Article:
- Do they have a target audience? - a shop may have a target age audience
If you do your research and use your covering letter to answer these questions, then it will demonstrate your interest in the role and company.
Formatting a Covering Letter
A covering letter needs to be about half a side of A4 but no more than one page. You need to make sure you present it well and that it's to the point (make sure you don't repeat what it says on your CV). Make sure you use a font that is easy to read and that it doesn’t include any pictures or word art images.
Structure a Covering Letter
You want to make sure you address the covering letter correctly. You should try to find out who the correct recipient is. Once you have the name, you should start your letter off with 'Dear Mr Jones' or 'Dear Mrs Jones'. If you are unsure or unable to find out, then you should address with 'Dear Sir/Madam'.
Content of the letter
Start with why you are getting in touch. It should be short and to the point. It should mention what role you are applying for, where you found the job advert and that your CV is attached.
For example: 'I wish to apply for the role of Customer Sales Assistant that is advertised on your website. I have attached my CV for your consideration.'
This is the part where you need to briefly explain any qualifications that you have. These can be GCSE's, A-levels or other qualifications that are relevant to the role. If you have not had your exam results confirmed, state your predicted grades.
For example: 'As you can see from my CV attached, I have recently completed my A-levels hoping to gain (give predicated grades relevant to job, e.g. 3 A-levels C and above including Fashion and Design), which I believe I can use and put into practice in this role.'
Demonstrate what you could bring to the company if you were to be hired. It is good to be as specific as possible. If there are any specific skills that you have used at school or in a previous job that match the job descriptions, use examples here. Here is where you can include any volunteer work, sessions you have attended or books you have read related to the job.
For example: 'I am very interested in this position because of my interest in fashion. This interest has only been encouraged when studying Art and Design Fashion at A Levels. This has helped my knowledge and passion within fashion grow.'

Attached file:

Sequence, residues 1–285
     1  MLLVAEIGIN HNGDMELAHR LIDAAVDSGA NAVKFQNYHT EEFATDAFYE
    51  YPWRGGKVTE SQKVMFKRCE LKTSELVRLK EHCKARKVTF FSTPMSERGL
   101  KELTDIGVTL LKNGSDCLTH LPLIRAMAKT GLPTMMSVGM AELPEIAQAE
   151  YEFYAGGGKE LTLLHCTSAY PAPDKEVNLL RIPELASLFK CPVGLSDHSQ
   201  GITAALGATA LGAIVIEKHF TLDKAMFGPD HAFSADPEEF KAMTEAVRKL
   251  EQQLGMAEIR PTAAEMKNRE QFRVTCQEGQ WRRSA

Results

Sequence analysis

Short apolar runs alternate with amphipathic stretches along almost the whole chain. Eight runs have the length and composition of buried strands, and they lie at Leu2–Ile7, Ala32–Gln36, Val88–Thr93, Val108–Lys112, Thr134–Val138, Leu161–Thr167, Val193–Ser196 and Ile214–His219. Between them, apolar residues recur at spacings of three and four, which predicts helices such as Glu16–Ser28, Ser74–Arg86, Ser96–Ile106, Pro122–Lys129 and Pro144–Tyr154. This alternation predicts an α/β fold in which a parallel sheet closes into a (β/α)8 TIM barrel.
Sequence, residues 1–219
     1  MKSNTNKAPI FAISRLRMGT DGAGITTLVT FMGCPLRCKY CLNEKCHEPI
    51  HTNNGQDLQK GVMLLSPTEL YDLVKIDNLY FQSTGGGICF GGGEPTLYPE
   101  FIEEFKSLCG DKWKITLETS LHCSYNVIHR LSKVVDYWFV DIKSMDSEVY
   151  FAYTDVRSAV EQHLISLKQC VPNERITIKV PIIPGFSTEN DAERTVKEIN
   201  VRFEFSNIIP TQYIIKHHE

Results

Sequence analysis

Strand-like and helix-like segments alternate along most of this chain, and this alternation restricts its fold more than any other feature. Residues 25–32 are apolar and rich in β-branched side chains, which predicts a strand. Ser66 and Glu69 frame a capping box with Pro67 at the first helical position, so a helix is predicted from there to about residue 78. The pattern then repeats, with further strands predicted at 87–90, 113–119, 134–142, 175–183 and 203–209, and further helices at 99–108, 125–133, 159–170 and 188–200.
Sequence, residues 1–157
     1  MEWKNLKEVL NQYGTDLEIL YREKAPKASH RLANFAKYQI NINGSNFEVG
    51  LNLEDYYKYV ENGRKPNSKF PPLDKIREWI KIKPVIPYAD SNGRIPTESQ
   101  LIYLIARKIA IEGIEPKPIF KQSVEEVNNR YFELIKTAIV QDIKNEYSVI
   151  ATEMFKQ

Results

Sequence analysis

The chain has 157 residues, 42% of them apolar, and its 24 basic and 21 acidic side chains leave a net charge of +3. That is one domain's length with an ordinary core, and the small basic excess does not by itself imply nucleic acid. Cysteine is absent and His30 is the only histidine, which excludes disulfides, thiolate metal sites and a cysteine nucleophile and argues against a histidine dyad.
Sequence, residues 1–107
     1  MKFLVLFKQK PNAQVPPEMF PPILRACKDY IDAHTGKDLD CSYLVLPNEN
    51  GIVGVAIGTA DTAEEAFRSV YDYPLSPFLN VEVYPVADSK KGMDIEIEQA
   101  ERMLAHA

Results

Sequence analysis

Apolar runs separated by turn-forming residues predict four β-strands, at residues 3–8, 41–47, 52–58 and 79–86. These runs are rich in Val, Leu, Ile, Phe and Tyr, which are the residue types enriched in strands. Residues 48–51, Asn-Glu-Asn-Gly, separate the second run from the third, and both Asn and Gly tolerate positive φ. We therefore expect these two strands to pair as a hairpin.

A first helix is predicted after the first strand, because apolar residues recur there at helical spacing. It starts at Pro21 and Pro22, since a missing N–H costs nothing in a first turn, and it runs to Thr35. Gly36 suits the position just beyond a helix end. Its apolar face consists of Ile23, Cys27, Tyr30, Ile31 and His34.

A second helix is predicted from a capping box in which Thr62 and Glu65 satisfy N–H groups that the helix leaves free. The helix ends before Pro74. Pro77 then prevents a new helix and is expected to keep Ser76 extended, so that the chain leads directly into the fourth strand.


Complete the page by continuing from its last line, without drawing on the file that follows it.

Reiterate your interest for the role and highlight what makes you the perfect candidate. Remember to always refer back to the skills listed in the job description.
For example: 'I feel this position is perfect for me to make the most of my passion and enthusiasm for fashion and also help build the foundations for a career in this industry. Even with my limited work experience, I feel my willingness to learn, along with my hard-work ethic and dedication, I can help build upon your outstanding reputation within the fashion industry.'
Closing the letter
Thank the employer for their time looking at your CV/application and sign your cover letter off with 'Yours sincerely' if you know the name, or 'Yours faithfully' if you do not and end with your name.
For example: 'Thank you for your consideration and time. I look forward to meeting with you to discuss my application further.
A covering letter should be changed and adapted to each job application you do, so it can take a while to tailor them to the role.
Some vacancies will require you to complete an application form. You will need to read the documents carefully before you start. It is important to follow the instructions and complete all parts of the form. When an employer receives a large number of applications they may well reduce the number they read by separating the ones who have not completed all of the form. None of these will even be read, let alone invited for interview.
Finding a job
Job searching can sometimes be long and frustrating, but it is helpful to make sure you know where to look and how to look.